A modern warehouse should be as cost effective as possible. Agile and Lean are key words in each warehouse with self-respect who want to minimize their costs. However, if these words should mean something in practice what is required of your leaders and staff?
Primarily you need a leadership that not just want to manage current routines and workflow. You need to look forward and like to develop and evolve. He or she must be able to handle change management and like to develop the team. The sales channels become more and more complex, the same applies to delivery methods. Goods in should also be handled in several ways, direct put away, cross-docking repacking you name it. Warehouse production is far from static, therefore it is important to manage resources dynamically.
What I mention above requires a leadership who can communicate in a clear and positive way and who can explain the benefits of moving resources between departments and can also provide positive feedback in a credible way. In short, you have to enjoy interacting with other people. Unfortunately, I have seen companies too often pick someone from the warehouse staff without giving the person the right conditions in terms of leadership training, coaching and a clear job description. Senior management often underestimate the challenges it means to be a leader in a modern warehouse production. Many senior leaders persists in the belief that it’s just about stocking goods they have not seen the journey warehouse logistics made from just warehousing to a cost efficient warehouse production, there is a fundamental difference.
I propagate relentlessly to use job rotation in the warehouse to get as close to one hundred percent utilization of resources as we possibly can. Sub-optimization is warehouse greatest enemy. For example if you only have a small amount of orders to pick, move instead resources to goods receiving. Do not underestimate your staff, if you think they can only become a “specialist” in one operation then you have definitely underestimated your staff. If one person only do one operation, for example picking, I consider it a form of “Taylorism”, which is an outdated and obsolete philosophy. Sure there are staff who may excel at certain operations, but what do you think happens if one person perform the same monotonous task in many years? The lack of stimulation and the risk of repetitive strain injury means that the person in question will soon be unable to deliver on the same performance level. To have the same staff in the same operation to “specialize” themselves does not have the same efficiency gains compared to allocate staff optimally between departments depending on the workload. When you hire warehouse personnel, it is good to discuss the willingness to change and the ability to handle quick decisions because in a modern and efficient warehouse it is routine.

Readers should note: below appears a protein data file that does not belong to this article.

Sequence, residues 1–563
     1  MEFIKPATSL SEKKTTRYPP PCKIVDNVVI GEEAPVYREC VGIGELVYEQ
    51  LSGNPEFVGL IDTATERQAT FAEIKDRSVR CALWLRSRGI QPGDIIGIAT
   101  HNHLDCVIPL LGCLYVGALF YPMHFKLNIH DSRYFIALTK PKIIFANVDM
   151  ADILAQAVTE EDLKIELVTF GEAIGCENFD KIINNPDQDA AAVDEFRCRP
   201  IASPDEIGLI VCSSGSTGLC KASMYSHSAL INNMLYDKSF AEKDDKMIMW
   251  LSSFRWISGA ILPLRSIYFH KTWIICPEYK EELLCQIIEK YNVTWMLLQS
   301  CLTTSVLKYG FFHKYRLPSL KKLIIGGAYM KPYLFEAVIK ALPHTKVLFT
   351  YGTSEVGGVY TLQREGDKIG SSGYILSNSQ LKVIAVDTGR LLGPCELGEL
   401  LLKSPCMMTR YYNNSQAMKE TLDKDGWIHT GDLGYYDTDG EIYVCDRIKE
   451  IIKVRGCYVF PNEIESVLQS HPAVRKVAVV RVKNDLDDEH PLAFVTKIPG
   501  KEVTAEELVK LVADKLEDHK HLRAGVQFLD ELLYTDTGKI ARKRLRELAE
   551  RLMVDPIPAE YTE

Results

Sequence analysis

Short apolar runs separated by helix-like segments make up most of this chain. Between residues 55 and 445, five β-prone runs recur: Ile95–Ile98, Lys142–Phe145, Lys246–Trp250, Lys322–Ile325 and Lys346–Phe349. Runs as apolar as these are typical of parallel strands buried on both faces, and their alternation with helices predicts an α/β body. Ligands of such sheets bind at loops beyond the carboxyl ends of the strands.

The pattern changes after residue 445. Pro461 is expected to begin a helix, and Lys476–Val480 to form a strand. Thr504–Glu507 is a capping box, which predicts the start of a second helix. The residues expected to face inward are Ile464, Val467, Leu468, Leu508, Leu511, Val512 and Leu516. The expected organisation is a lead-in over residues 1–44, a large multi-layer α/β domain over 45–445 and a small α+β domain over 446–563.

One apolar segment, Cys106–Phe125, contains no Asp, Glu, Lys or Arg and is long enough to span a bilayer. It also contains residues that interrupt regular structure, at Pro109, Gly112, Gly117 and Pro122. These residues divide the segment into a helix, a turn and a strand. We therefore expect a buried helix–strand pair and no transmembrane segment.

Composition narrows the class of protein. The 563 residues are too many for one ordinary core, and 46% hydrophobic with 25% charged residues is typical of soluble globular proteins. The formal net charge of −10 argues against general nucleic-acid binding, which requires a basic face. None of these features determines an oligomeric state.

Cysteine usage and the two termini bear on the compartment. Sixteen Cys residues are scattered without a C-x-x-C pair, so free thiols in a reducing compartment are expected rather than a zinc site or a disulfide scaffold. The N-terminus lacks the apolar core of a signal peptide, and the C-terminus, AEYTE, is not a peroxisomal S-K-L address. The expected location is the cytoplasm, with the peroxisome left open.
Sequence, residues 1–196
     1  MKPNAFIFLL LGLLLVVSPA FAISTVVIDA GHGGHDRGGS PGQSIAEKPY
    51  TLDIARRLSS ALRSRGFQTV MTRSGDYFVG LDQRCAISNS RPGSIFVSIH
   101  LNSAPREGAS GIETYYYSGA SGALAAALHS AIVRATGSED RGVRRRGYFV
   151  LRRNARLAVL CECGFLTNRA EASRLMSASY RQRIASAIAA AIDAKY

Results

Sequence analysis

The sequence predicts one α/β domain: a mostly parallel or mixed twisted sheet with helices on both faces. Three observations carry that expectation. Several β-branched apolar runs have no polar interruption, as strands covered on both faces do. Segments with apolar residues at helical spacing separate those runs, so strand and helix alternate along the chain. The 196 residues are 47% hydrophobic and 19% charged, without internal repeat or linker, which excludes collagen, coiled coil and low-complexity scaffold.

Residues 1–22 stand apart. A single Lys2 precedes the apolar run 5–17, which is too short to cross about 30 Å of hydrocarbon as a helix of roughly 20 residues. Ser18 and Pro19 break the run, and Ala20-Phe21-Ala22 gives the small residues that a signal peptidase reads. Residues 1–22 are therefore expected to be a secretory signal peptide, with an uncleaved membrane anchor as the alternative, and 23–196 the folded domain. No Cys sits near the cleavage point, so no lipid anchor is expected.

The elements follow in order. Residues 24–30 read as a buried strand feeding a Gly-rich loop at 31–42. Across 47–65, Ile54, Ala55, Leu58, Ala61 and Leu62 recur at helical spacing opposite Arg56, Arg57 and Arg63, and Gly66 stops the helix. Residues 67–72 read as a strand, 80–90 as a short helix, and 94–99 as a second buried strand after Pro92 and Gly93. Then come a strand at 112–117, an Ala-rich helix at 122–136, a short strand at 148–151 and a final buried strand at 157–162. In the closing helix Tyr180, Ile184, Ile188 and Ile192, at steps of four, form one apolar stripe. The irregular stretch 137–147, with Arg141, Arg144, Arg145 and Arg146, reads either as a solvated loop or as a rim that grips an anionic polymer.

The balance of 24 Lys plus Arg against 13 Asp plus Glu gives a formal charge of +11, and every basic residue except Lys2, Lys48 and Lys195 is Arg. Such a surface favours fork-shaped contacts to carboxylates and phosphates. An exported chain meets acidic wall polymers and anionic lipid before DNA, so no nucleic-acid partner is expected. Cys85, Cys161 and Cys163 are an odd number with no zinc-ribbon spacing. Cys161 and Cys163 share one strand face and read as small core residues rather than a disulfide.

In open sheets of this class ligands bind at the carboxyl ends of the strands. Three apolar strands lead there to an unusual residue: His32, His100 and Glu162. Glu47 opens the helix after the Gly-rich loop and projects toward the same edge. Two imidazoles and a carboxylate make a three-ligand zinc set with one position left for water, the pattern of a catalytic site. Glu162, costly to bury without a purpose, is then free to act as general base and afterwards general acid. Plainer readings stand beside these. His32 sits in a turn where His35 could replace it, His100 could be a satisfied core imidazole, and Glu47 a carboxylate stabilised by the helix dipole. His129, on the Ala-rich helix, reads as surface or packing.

I have been part of projects when a warehouse going from working static with fixed departments to work with floating resources that are allocated in real time. Of course, there are challenges, and it does not always go smoothly at first. You need to have patience and let the staff give expression to their concerns and fears for change. If you do it the right way, I can promise that it will be a success both for the company in form of reduced costs and for the staff in form of increased job satisfaction and stimulation.